You are not quite sure how you got yourself into the affair, and even less sure about how to get out of it. You are in love with your paramour but hate the sneaking and cheating. You vacillate between ending the forbidden relationship and giving yourself totally to it. You feel intense emotions for your lover, but even as you tell yourself - or your lover - that everything is going to be wonderful, deep within a small voice says that it will not be.

When together with your lover, you feel an amazing blending of ecstasy and peace.

When alone, you feel guilt-ridden. Sadness and shame surface sporadically because you have not defeated your feelings of guilt about what you are doing. Instead, your own morality and integrity have tunneled deep inside you to war with your soul.

Your conscience wants to end the affair while your heart finds incredible fulfillment in the illicit relationship.

Earlier you tried a few times to end the relationship, but each time your willpower faded and your emotions drug you back. You felt responsible for your lover; you feared that he or she would be decimated or get sick or lose everything if you went away. At times, you feared that if you ended the relationship, your lover would be so distraught that they might destroy you, your reputation, your family or your finances. Though you wanted to do the right thing, ending the relationship was too difficult emotionally, mentally, or physically. With time, you gave up the idea of ending it and it evolved into the situation that now controls you.

Secretly, you wish that your dilemma would somehow resolve itself without your having to do anything. You find yourself thinking that if your lover would walk away, you could get past this, but the idea of losing your lover terrifies you. If either or both of you are married, sometimes you think that if your spouse or your lover’s spouse found out, everything would be resolved without your having to make hard decisions.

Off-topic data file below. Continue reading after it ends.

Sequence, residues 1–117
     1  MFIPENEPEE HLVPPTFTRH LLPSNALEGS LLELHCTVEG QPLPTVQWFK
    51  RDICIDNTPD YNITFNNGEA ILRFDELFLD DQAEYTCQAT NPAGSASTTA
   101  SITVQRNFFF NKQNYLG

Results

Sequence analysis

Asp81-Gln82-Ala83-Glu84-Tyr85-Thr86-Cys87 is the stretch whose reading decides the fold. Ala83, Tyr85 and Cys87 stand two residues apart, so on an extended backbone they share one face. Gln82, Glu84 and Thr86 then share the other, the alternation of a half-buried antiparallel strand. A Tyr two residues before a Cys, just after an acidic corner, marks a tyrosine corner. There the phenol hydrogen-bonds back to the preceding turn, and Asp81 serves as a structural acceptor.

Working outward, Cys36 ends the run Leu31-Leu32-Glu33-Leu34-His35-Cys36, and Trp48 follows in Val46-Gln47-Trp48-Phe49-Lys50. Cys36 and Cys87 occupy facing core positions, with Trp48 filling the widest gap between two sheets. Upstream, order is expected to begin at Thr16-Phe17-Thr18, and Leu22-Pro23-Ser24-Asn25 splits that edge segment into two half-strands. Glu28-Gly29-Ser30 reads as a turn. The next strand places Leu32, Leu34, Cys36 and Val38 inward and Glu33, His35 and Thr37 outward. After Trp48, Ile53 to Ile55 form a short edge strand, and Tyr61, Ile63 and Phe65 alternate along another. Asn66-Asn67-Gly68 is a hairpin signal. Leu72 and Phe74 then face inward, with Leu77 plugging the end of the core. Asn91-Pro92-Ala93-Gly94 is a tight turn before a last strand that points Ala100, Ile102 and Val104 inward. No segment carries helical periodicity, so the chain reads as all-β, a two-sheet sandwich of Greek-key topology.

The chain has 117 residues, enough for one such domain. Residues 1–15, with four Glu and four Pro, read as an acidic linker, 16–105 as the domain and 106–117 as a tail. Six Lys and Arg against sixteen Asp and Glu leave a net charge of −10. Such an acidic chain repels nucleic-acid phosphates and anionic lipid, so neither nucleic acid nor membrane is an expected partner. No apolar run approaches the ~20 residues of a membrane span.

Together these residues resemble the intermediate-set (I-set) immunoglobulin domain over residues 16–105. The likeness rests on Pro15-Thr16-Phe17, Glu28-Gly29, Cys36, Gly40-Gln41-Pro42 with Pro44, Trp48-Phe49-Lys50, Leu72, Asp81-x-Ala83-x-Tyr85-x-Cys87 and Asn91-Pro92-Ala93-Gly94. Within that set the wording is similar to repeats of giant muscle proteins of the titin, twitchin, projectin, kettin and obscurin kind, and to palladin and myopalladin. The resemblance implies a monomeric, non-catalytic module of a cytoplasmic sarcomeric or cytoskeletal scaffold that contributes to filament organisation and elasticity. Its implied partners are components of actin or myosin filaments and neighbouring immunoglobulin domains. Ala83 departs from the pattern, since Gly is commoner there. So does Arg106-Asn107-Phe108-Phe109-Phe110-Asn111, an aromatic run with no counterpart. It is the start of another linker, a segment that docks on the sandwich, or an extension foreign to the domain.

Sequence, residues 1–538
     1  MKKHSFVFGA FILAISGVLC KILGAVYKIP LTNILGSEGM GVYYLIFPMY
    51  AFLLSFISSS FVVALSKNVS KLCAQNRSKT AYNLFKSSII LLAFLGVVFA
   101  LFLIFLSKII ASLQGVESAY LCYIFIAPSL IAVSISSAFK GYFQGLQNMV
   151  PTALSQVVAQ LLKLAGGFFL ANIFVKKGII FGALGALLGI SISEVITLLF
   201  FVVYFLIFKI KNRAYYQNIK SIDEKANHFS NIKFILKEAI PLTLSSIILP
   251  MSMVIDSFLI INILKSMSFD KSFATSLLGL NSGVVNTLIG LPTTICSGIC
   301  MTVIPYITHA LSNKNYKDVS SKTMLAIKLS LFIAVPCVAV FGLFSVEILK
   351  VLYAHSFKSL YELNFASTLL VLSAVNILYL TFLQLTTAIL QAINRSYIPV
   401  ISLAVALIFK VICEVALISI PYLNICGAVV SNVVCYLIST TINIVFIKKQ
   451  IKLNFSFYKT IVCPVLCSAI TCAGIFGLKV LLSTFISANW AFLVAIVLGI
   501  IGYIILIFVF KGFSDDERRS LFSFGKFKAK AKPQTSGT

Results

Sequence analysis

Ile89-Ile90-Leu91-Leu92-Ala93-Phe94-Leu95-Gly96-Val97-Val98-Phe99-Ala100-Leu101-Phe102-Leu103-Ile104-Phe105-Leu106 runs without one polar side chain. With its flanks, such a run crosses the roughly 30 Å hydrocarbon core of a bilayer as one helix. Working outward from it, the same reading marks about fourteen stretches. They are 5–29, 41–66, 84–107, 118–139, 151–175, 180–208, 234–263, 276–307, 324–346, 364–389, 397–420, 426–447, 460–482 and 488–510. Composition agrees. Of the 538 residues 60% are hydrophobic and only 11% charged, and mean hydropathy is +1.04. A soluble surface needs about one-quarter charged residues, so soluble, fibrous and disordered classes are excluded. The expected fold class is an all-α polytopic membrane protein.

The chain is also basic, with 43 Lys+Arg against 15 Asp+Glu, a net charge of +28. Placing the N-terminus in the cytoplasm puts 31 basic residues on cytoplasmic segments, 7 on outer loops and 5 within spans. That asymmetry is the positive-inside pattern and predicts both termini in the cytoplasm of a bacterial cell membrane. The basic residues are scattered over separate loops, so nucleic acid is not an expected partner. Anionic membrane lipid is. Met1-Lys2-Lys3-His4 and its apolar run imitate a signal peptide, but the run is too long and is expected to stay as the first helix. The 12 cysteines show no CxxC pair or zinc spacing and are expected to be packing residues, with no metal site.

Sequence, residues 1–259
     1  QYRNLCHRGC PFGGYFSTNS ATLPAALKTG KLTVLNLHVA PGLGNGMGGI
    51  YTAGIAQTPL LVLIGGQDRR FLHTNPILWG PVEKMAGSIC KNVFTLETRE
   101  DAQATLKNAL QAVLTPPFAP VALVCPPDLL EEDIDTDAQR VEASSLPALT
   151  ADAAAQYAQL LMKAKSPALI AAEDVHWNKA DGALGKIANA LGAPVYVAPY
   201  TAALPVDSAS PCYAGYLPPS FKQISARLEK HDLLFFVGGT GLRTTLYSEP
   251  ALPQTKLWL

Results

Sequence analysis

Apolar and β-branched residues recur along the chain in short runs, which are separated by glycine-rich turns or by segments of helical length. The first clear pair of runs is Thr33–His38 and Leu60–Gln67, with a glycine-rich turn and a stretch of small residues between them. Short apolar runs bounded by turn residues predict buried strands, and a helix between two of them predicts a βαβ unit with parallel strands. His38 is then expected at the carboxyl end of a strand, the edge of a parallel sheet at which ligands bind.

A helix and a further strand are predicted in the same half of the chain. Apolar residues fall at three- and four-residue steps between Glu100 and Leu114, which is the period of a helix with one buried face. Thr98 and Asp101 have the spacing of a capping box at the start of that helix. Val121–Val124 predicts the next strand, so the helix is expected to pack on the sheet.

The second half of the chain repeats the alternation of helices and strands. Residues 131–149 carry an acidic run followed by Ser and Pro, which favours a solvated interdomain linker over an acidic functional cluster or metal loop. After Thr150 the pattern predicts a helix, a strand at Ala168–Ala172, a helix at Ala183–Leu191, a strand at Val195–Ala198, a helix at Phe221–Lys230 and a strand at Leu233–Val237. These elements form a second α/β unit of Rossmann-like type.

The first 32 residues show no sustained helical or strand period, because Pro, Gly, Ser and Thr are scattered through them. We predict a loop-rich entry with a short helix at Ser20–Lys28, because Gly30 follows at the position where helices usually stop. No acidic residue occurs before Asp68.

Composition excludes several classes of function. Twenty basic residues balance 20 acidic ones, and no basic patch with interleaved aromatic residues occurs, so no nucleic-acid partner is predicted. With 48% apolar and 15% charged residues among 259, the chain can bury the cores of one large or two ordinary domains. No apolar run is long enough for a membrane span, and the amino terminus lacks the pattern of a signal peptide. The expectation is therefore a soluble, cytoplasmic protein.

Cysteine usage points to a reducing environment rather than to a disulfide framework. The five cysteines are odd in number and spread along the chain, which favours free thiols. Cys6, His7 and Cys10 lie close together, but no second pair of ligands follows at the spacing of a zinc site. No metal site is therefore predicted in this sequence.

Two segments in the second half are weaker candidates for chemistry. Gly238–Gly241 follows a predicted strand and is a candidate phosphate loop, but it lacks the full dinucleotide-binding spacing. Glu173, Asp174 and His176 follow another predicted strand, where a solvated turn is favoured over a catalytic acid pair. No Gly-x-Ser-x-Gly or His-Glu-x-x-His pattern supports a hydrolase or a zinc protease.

The situation would be bad for a while, but you would accept whatever path available to you after the shouting subdued. Maybe that would mean staying with your spouse. Maybe it would mean divorce occurs and you could be with your lover. Maybe it would mean being alone, but even that sometimes seems a better state than what you are in now.

Though you do not wish to admit it, occasionally you fantasize about your spouse or your lover’s spouse having a car accident or dying from some natural cause. That would make things easy. Your children, friends, church, and everyone else would be by your side in mourning and later all would rejoice in your marriage to your paramour. No one would ever know about the affair.

Those fantasies make the guilt worse. Sometimes you wonder if you are the same person you used to be or even if you know who you are.

You may feel great love and trust for your paramour but deep within there is fear.

You fear the future without your lover. You fear your future with your lover. You fear losing your children. You fear what you are becoming and fear that you will never again be who you were. You fear God. You fear that if you do not end the affair, you will lose connection with certain family members and friends.

In contrast, you fear that if you end the affair, you will never feel this level of deep love ever again. You fear that this is your one chance in life to have what others may only dream and that opportunity will never come a second time. You fear that if you abandon your lover, some other person will come into his or her life and have all the happiness and fulfillment that could have been yours.

During all the indecisiveness, one thing remains constant. The affair.

Each day you enmesh yourself more. Each day you feel a little less guilty, a little more assured that this is the right path for you. Each day you become a little more insulated against anyone that could hold you back from the new relationship—spouse, children, friends, church—and each day become a little more absorbed into life with your lover.